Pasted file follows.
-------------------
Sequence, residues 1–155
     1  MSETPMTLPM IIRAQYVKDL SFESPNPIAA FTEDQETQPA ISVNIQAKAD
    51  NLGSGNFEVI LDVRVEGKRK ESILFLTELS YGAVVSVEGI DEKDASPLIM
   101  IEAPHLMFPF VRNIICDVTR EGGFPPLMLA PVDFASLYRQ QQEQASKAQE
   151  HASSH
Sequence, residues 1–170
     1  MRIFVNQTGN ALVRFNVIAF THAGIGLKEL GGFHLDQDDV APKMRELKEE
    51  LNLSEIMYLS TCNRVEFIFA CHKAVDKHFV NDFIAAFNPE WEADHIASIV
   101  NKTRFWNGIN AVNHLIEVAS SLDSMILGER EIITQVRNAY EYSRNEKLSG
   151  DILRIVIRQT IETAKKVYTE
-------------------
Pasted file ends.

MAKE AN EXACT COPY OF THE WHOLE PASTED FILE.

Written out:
Sequence, residues 1–155
     1  MSETPMTLPM IIRAQYVKDL SFESPNPIAA FTEDQETQPA ISVNIQAKAD
    51  NLGSGNFEVI LDVRVEGKRK ESILFLTELS YGAVVSVEGI DEKDASPLIM
   101  IEAPHLMFPF VRNIICDVTR EGGFPPLMLA PVDFASLYRQ QQEQASKAQE
   151  HASSH
Sequence, residues 1–170
     1  MRIFVNQTGN ALVRFNVIAF THAGIGLKEL GGFHLDQDDV APKMRELKEE
    51  LNLSEIMYLS TCNRVEFIFA CHKAVDKHFV NDFIAAFNPE WEADHIASIV
   101  NKTRFWNGIN AVNHLIEVAS SLDSMILGER EIITQVRNAY EYSRNEKLSG
   151  DILRIVIRQT IETAKKVYTE